Peter Funch’s The Imperfect Atlas is an interesting attempt to tackle the subject of climate change in photography. I’m not too sure where I heard about the book. It was Jeff Mermelstein’s favorite photobook of 2019, but by 2019 I was already trying to ignore best-of lists as a money-saving strategy, so I probably heard about and ordered it on swerdnaekalb’s recommendation.

For The Imperfect Atlas, Funch employed a rather ancient and (in contemporary terms) novel technique: the trichrome or three-color process, what Funch calls “RGB separation.” I’ve long wanted to try trichromes on 4×5 and acquired all the tools (3 filters), but haven’t ever done it. The process requires making three black & white photos of a given scene—one each with red, blue, and green filters—then combining the three negatives in the darkroom (or computer) to create a color image.

Given that Funch worked on this project in the 2010s, he started with three digital files, each shot through a different filter. He massaged the files, then printed negatives onto transparency and produced color darkroom prints to give “the final print a mechanical (rather than digital) feel.”* Why is that important? It’s not, not really, and if there’s not a strong analog feel to the pictures, they don’t scream digital either, and, really, given the process and the way the pictures look, it doesn’t matter much.

More important is Funch’s overall process. He began the series by collecting postcards of the Pacific Northwest, especially Mount Shuksan, perhaps the most photogenic of all American mountains. Comparing the postcard images with photos he made in the 2010s, as he does in exhibitions and in rather too-small reproductions in the back of the book, climate change is rather obvious: the glaciated peak obviously shrank and changed shape over the last 80 or 100 years. And it seems overwhelmingly likely that our collective (in the Industrialized West, anyway) addiction to comfort and ease is a major contributing factor.**

Now. If you only realize climate change thanks to The Imperfect Atlas, well what a charmed life you lead! Kudos for missing the fires, the increased number of far larger hurricanes, the vastly changed weather patterns that heavily disrupt crop production. Did anyone come to recognize and accept the facts of climate change thanks to The Imperfect Atlas? I sorta doubt it, and really suspect Funch is largely preaching to the choir, if, indeed, any viewers recognize the climate change content without reading the interview or any of the press about it.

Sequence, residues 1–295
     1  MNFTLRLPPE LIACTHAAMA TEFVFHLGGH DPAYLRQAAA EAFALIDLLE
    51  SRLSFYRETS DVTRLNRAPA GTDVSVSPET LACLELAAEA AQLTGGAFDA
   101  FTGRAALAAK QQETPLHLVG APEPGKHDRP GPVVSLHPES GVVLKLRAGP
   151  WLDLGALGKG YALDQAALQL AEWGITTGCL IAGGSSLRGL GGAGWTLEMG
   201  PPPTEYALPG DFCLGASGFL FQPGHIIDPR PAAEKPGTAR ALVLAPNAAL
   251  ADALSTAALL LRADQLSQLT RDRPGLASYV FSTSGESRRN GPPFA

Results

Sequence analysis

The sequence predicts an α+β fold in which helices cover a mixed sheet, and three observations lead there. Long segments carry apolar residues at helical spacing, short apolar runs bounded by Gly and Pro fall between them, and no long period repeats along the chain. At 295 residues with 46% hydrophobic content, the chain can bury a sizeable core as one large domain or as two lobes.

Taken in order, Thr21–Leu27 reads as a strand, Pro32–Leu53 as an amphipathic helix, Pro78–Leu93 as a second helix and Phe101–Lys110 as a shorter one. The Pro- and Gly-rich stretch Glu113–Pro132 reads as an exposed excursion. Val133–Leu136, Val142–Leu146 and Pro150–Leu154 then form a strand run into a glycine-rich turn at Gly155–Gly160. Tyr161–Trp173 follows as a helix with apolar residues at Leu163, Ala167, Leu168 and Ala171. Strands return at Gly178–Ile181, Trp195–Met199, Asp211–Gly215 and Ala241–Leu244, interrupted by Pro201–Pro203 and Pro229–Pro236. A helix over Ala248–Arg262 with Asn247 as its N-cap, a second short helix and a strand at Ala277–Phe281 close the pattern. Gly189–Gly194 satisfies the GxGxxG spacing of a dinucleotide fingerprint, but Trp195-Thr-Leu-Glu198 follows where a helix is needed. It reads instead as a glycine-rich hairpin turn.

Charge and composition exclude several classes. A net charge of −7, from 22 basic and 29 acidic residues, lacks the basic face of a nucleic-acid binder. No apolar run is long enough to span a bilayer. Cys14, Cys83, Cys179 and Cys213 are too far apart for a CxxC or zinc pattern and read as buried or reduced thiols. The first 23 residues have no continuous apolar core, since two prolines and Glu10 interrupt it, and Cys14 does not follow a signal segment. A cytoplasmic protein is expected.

If anything could show the passage of time in a single image, the trichrome process sure can: anything that moves shows up only on a single channel, either red or green or blue. If one could plant a tripod near Baker Lake, looking towards Mount Shuksan roughly where 95% of everyone who ever photographs the mountain stand, and take a single image every 10 or 25 or 50 years, each on a different channel, and then combine, you’d really see some change. Between Funch’s collection of postcards (each several decades old) and his contemporary images there’s a similar effect, but it requires some imagination that a trichrome simply does not.



I like The Imperfect Atlas. I like the process, I like the photographs, I like the archival bit, I like the transparent jacket. My only complaint lies with the archive section, as the postcard images are basically thumbnails and hard for my old eyes to really study. Overall, I rate it 4 solid stars.

Funch shares pretty much all of the images from The Imperfect Atlas on his website, so go have a look, and the book remains available through TBW Books and elsewhere. Looking around, I’m also sorta interested in Funch’s earlier 42nd And Vanderbilt, where Funch photographed the same corner over several years and paired images of individuals together… It’s a similar concept, sorta, to The Imperfect Atlas, and looks like fun. That said, I’m feeling a bit overwhelmed with my photobook collection at present and really need to slow down and get a handle on it.

* Funch, Peter. “Peter Funch and William Pym in Conversation, Berlin/London, via email, October 8-14, 2019,” in The Imperfect Atlas. TBW Books, 2019. p. 4 and available at retrieved 6 September, 2021.
** In mid- and late-2021 a couple of the richest men in the world spent astonishing amounts of money to fly themselves into space for a few seconds. In the process they both added more pollution to the environment than I will in my lifetime. Does it matter what I do? Yes, yes it does, if only for the reason that Allah is going to ask me about every last little thing that I did, and did I use my privilege to enrich only myself? Or did I attempt to improve the world, uplift others, leave the world a little cleaner, or at least not waste ever so much… Aren’t you glad I put this in a footnote?

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